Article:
A look forward at the June 3 week puts the focus on data related to the labor market – the May Employment Situation at 8:30 ET on Friday, the ADP National Employment Report for May at 8:30 ET on Wednesday, the Challenger report on layoff intentions at 7:30 ET on Thursday, and the weekly numbers on initial jobless claims for the week ended June 1 at 8:30 ET on Thursday.
The rapid succession of reports should all lean in the same direction. Payroll growth is at least solid, and stronger than might be expected given the maturity of the expansion and uncertainties on the near horizon. Manufacturing and service businesses are laying off workers where necessary such as the ongoing contraction in the brick-and-mortar retail sector but most are holding on to those they have even where activity has slipped in the expectation that some of the slowing will be temporary. As such, the unemployment rate should remain consistent with a tight labor market.
Regional data for manufacturing points to another soft month for the ISM Manufacturing Index in May when it is released at 10:00 ET on Monday. On net, the ISM equivalent indexes from the various District Banks that have a survey of manufacturing point to a reading that should not be much above or below the 52.8 of April. The factory sector is feeling concerned about the impacts of fresh tariffs on Chinese goods and restrictions on exports of technology. Some activity was pulled forward into January through March out of caution that trade negotiations would stall or fail, and as a result April felt a pinch that could hold into May.
Service sector surveys from the District Banks suggest that the ISM Non-Manufacturing Index for May at 10:00 ET on Wednesday will slow a bit with more modest activity. The various surveys are hard to correlate with the ISM number. The two surveys with the best correlation point to sharply less favorable conditions, but this is in contrast to others that suggest moderate conditions. I would look for another decrease in the national index from the 55.5 in April. Services shouldn’t see quite the same set of problems facing manufacturing in regard to tariffs on goods, but it could impact costs and supply chains here as well.
The Fed’s Beige Book at 14:00 ET on Wednesday will cover the period from early April to mid-May. Anecdotal evidence about conditions across the 12 Districts is likely to be a little more downbeat. Nonetheless I would anticipate the general tone to remain one of tempered growth. If manufacturing and service activity is down, it is still expanding. There are green shoots for the residential real estate sector and consumer spending is starting to improve for retail. Agriculture may be hurting due to earlier flooding and disrupted growing seasons. Commentary related to the labor market, wages and salaries, and price stability should line up with the quandary facing Fed policymakers – a hot labor market and tepid inflation.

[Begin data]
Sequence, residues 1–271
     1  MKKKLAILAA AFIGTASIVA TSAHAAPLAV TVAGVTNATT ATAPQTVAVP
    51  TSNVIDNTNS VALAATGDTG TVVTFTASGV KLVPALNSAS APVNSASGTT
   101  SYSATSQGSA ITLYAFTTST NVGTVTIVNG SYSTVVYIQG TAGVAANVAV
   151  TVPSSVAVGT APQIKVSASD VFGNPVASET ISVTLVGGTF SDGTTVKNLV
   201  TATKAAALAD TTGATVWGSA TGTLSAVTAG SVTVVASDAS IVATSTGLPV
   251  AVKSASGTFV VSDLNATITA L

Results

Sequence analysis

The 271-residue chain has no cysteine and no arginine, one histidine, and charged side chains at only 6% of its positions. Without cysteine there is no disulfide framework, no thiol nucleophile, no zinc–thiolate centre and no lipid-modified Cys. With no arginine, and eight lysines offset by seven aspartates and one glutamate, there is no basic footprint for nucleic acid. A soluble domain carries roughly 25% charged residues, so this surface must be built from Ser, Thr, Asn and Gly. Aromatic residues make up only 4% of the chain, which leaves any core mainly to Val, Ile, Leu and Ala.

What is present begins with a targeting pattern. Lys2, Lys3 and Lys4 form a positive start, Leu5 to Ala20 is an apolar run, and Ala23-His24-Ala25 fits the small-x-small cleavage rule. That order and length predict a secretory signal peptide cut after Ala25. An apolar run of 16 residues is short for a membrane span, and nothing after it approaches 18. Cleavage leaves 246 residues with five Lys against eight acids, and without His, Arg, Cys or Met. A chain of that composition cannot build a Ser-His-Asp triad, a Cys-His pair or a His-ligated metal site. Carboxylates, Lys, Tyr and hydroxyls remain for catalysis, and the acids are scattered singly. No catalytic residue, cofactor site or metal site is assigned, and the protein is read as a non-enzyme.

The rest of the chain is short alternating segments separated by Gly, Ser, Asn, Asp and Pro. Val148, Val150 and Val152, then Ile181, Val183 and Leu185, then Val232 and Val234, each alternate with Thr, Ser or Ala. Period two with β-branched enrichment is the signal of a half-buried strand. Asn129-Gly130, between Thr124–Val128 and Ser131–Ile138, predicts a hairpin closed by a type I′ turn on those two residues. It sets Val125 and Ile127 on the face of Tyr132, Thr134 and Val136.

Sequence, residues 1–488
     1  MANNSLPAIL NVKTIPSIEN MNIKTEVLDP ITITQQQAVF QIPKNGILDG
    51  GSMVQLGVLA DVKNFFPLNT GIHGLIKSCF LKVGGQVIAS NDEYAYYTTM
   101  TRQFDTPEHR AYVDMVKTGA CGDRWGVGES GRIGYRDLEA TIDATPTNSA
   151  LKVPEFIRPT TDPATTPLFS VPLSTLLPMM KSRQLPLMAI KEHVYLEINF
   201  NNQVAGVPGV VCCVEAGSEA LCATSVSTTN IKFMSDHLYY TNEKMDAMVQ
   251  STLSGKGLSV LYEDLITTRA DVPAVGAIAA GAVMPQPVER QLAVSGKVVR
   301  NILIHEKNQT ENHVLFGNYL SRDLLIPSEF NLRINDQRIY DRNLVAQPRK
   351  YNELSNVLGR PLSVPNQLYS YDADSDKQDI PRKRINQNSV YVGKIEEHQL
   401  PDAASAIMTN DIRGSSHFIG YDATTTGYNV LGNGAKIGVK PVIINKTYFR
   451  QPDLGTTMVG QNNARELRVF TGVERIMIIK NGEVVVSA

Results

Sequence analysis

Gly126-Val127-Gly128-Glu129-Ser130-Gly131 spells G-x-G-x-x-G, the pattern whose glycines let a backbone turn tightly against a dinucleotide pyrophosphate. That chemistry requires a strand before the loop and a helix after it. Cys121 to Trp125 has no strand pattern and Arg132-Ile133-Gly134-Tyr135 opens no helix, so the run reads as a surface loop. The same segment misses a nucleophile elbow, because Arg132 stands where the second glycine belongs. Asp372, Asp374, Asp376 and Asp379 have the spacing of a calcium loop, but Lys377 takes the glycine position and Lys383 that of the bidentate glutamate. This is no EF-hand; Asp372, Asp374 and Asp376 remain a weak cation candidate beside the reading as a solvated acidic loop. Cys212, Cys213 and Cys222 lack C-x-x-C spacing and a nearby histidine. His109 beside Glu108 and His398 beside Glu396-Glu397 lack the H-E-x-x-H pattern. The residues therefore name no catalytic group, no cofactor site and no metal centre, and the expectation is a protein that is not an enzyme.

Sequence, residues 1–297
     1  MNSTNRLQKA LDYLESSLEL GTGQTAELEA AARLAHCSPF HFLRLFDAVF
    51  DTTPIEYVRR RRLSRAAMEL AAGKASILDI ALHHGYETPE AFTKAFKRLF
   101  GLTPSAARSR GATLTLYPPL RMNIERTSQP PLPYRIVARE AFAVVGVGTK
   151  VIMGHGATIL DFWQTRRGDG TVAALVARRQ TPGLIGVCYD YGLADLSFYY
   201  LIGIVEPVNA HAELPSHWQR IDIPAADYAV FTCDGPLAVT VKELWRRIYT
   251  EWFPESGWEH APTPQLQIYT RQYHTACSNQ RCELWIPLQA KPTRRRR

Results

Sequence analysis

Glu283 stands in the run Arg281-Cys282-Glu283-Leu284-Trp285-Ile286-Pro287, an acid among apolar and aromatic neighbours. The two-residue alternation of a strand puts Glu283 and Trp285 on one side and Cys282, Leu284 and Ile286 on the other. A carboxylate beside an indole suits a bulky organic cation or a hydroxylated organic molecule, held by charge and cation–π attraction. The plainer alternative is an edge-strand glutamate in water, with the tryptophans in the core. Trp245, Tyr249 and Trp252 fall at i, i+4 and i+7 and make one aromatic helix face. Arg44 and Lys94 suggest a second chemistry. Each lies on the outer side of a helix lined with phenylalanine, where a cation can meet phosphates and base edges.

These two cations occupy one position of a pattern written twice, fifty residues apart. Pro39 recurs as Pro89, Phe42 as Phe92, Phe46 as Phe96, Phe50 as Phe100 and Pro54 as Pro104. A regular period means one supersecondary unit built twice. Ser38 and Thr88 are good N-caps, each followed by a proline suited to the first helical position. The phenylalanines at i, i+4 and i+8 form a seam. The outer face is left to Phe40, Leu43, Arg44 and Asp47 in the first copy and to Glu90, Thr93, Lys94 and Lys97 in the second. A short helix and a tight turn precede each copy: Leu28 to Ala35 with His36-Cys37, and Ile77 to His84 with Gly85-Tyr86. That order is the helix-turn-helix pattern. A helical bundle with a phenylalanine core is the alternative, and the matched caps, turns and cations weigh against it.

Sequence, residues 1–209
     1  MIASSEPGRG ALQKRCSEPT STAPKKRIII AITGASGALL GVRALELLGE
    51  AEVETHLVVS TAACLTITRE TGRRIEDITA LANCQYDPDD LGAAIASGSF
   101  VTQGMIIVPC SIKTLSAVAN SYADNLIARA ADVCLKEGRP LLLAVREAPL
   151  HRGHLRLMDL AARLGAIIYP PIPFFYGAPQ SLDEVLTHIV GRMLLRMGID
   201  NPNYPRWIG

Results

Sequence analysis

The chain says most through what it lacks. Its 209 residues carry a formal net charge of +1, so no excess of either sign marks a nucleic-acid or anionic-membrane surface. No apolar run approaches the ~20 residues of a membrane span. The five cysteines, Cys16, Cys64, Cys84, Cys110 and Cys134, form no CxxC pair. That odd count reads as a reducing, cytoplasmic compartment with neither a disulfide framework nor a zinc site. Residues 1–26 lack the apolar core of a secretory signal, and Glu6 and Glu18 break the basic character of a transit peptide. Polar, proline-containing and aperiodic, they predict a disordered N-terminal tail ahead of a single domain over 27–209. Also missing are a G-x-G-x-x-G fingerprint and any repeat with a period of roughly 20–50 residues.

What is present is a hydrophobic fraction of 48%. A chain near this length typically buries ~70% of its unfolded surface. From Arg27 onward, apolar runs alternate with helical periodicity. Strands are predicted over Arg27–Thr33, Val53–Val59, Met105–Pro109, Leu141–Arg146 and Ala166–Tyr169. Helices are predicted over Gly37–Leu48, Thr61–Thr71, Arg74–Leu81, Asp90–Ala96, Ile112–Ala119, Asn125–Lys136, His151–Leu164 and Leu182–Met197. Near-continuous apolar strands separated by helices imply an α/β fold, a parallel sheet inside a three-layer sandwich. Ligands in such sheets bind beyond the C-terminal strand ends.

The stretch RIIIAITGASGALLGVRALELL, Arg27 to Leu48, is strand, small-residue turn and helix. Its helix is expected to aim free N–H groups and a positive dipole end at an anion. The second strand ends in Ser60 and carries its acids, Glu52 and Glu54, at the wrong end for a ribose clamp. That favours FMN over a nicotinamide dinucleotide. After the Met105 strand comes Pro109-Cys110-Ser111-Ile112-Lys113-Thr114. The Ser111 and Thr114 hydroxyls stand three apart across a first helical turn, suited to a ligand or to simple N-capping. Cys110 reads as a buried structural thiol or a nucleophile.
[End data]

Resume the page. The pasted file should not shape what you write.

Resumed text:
Other economic data in the week probably won’t grab market attention in more than passing.
Construction spending at 10:00 ET on Monday is the last of the April data related to the housing market. In addition to some numbers about new residential construction, more will be known about spending on home renovation and repair, and commercial and government building.
Sales of motor vehicles in May will be reported as available early in the week. Sales softened in April. It remains to be seen if consumers’ appetite for new passenger cars and light trucks improved. In any case, higher gasoline prices may push some consumers to consider a car in preference to less fuel efficient vehicles. It will also be interesting to see if higher tariffs have impeded the import of motor vehicles and if limited supplies have meant that domestic units are more likely to be purchased.
The communications blackout period around the June 18-19 FOMC meeting will go into effect at midnight on Saturday, June 8 and last through midnight on Thursday, June 20. Although the coming week will be the last opportunity to comment about the outlook for monetary policy, that isn’t what will predominate public remarks. The long-awaited Conference on Monetary Policy Strategy, Tools, and Communication Practices on Tuesday and Wednesday, June 4-5 will beheld at the Chicago Fed. Fed policymakers have been speaking about the issues this conference will focus on. Do not expect any immediate decisions about of these discussions, but it should influence how the FOMC ultimately decides to approach monetary policy and how to communicate that policy.
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